REVIEW: Crave and Wonder’s “Tales From the Porch” is Memories in Sandpaper and Honey


What’s the opposite of the blues? Times up . . . It’s Crave & Wonder’s debut Tales from the Porch. It’s an Eagle-Rare-drenched collection of memories from the sandpaper and honey LA-based duo, Arnold Schmidt and Debbie Dragna. Each track evokes perfectly that feeling of sitting on an idyllic porch reflecting on a life well lived . . . while a Bogner blasts through the screen door. It’s not unlike the porch on which duo sit on the album cover.

Schmidt and Dragna are the heart of Crave & Wonder, writing all the songs. Schmidt came to LA from Germany where he honed his Les Paul chops listening to British blues, and Dragna grew up in NOLA channeling Linda and Lucinda. On the surface, it’s an unlikely pairing but it works. And maybe that’s not a surprise.

For all its rootsieness, the album was recorded in a very modern way. Schmidt and Dragna cut the demos in LA and then shipped them to Germany where Carsten Enghardt recorded all the drum tracks at 1st Take Studios in Gachenbach, Southern Germany. Next stop, Florida, where German bassist Martin Motnik laid down the bottom end at his home studio. After that, it was back to Germany. There, Jens Skwirblies, keyboardist in the German rock band Lake, added piano and organ. Back in LA, Schmidt and Dragna re-did the guitars and vocals at their home studios. Wow, I never would have guessed from listening. In my mind’s eye, they are all playing off each other. The production feels vital and alive.

The album opens with my favorite track, “Be With You,” conjuring David Lindley and Linda Ronstadt circa 1975 or so. Whenever it was that Linda starting really kicking ass. The song apparently began as a negative I-don’t-want-to-be-with-you song. But clearly that’s not these guys’ style. And the song became an exploration about how two people remember the birth of a relationship differently. I’m thinking Arnold’s got the Fenders out for this one, and Debbie sounds great. I found myself wishing they’d done more songs in this style rather than the more overtly bluesy forms on most of the rest of the album. It’s not that the other stuff isn’t good, it is. I just love this one so much.

The most popular song – for which there is also a radio edit – is “Let’s Take a Walk.” It’s sort of like Scenes From an Italian Restaurant if everything had worked out ok, or maybe they’d managed the bottles a little better. Schmidt does this great steppy guitar figure for the intro and a variation on it in the solo that is the highlight of the song. The lyric takes you through the life of this couple from young sweet hearts through marital bliss. Schmidt’s guitar captures perfectly a sense of time passing in a satisfying smooth enjoyable movement. You can feel the sun setting and rising the next day.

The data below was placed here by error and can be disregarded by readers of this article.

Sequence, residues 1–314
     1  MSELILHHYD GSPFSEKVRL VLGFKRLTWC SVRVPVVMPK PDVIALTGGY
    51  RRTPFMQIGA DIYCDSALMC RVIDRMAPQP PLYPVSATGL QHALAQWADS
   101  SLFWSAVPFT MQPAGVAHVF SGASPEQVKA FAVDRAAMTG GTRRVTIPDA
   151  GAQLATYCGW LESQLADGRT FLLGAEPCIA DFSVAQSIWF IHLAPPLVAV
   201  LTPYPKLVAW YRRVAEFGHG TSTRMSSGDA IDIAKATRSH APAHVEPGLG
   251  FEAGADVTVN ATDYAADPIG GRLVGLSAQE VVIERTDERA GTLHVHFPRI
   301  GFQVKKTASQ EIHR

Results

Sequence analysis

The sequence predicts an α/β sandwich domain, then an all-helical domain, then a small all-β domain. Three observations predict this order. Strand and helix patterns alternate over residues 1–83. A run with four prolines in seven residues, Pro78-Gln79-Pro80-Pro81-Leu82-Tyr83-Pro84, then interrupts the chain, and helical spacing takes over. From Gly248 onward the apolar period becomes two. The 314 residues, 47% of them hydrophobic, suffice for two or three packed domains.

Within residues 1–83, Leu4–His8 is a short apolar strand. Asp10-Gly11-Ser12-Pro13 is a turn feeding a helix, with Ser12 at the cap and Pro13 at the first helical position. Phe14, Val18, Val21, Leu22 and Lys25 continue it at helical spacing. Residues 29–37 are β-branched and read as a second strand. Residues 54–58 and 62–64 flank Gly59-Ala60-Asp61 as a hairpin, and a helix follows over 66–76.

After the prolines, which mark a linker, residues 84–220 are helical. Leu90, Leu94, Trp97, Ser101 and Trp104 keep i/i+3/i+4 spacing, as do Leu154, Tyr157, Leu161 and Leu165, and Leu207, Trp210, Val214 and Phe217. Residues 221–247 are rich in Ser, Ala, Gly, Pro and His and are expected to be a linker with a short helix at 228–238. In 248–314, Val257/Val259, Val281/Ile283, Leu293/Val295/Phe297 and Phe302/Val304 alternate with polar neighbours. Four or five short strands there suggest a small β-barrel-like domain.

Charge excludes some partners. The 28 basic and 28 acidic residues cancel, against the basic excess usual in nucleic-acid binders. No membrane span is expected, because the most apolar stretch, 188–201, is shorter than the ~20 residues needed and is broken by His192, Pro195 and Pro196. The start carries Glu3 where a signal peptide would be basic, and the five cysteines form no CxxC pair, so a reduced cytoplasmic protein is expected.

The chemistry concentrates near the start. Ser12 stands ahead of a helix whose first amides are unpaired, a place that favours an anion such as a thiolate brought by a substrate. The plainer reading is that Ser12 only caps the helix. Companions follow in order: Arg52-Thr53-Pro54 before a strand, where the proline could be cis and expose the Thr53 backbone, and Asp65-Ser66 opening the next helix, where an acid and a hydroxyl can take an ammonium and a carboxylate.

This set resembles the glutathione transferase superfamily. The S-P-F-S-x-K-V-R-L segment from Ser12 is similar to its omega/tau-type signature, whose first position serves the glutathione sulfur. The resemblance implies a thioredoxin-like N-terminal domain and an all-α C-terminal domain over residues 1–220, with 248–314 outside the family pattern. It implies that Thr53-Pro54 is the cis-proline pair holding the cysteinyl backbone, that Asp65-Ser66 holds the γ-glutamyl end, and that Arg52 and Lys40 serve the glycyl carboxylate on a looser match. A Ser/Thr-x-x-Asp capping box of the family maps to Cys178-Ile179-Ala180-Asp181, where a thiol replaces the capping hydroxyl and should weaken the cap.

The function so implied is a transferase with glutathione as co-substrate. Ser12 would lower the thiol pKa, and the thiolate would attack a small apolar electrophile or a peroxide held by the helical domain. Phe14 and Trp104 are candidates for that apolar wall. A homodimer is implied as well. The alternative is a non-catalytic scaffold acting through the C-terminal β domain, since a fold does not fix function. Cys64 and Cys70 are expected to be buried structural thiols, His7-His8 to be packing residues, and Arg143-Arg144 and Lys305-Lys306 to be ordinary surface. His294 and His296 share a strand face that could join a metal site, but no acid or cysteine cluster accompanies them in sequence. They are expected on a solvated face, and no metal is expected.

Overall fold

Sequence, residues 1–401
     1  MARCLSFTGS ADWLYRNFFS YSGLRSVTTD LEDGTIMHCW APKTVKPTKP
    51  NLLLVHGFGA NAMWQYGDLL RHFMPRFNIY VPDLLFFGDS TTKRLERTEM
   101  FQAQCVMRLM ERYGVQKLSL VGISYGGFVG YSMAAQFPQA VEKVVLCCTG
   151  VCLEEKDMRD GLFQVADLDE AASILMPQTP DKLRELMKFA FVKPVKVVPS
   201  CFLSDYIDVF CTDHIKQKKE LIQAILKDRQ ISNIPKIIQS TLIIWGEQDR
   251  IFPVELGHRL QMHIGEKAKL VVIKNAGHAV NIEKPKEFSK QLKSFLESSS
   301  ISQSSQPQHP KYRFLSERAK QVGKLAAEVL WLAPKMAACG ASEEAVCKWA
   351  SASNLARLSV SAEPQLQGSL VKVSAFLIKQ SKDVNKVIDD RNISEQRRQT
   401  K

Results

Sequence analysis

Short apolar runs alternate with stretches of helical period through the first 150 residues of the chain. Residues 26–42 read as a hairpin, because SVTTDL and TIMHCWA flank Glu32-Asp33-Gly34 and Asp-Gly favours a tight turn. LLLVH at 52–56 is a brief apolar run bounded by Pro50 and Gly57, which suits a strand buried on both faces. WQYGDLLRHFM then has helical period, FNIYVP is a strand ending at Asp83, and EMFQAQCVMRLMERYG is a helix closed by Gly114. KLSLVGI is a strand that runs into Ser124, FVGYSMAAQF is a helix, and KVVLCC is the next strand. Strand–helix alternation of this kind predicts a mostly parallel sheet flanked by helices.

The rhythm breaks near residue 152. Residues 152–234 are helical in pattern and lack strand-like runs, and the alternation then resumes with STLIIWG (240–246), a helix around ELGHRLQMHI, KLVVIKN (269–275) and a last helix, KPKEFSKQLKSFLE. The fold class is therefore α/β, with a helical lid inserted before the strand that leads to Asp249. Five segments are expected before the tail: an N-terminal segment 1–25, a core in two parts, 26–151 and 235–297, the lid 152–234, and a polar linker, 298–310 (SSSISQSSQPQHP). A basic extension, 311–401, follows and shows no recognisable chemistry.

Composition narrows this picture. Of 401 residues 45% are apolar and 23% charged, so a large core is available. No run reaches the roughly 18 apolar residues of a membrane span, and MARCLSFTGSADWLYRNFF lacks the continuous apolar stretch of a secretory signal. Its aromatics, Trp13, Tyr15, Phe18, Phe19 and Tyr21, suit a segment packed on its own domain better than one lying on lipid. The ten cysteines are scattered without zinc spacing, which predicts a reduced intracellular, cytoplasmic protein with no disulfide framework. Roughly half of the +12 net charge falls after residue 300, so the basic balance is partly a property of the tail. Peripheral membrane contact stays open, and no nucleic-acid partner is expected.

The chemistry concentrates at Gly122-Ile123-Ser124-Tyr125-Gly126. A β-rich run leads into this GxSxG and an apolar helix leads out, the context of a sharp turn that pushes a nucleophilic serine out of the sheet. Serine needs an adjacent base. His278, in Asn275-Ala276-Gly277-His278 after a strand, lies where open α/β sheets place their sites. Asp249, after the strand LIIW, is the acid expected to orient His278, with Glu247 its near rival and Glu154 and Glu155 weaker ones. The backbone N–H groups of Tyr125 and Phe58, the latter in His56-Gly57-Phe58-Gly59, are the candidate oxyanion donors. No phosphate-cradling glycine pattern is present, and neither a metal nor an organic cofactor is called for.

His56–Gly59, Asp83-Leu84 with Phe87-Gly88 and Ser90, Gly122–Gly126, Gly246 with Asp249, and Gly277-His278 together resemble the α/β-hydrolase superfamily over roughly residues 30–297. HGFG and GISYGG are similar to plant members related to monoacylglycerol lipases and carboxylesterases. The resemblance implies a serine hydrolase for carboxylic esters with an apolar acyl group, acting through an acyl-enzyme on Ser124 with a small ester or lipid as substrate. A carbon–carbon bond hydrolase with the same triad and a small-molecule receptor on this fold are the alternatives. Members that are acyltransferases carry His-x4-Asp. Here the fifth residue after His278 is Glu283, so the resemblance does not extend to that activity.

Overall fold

Jeremiah evokes Kafka, but somehow it all works out. And “Louisiana Rain,” “Simple Things,” and “New Orleans Shuffle” all draw on Dragna’s Big Easy memories. The band describes their sound as Lucinda Williams meets Deep Purple, and that’s there, to be sure. You sometimes get an earthquake where you’d expect a soft summer rain. But hey, we get what we expect all too often, right?

We’re a little late to this discovery party. Hopefully, these two are working on another batch of songs that take their unique blend to the next level. I’m looking forward to it. In the meantime, you can get more information on the band’s website and buy their CD at the CD Baby Store.

5 thoughts on “REVIEW: Crave and Wonder’s “Tales From the Porch” is Memories in Sandpaper and Honey

  1. Thank you Steve for this glowing review of our music! You are right, on “Be With You” it was mostly a Telecaster, but from G&L though. I used Teles, Strats and Les Pauls throughout the album to mix it up a little bit “sonically”.
    You really heard what we were trying to achieve with our music on the album and that makes me very, very happy! Also interesting is the David Lindley and Linda Ronstadt reference.
    Thank you again Steve, we really appreciate this!
    Best, Arnold

  2. Hey man, thanks for the comment. This is my first album review on Americana Highways. So, it’s particularly cool to get a comment from the artist! Just curious whether you have ever tried doubling a lead with a Tele and a Strat?

    1. Hi Steve, not Tele and Strat, but Tele and Les Paul or Strat and Les Paul. The single coils provide the bite, and the Les Paul the heft 🙂 Let’s Take a Walk has some doubling in the solo using the G&L Tele and the Les Paul.

  3. That makes sense. You’ve got some great production work on the guitars on this album in addition to a great performance.

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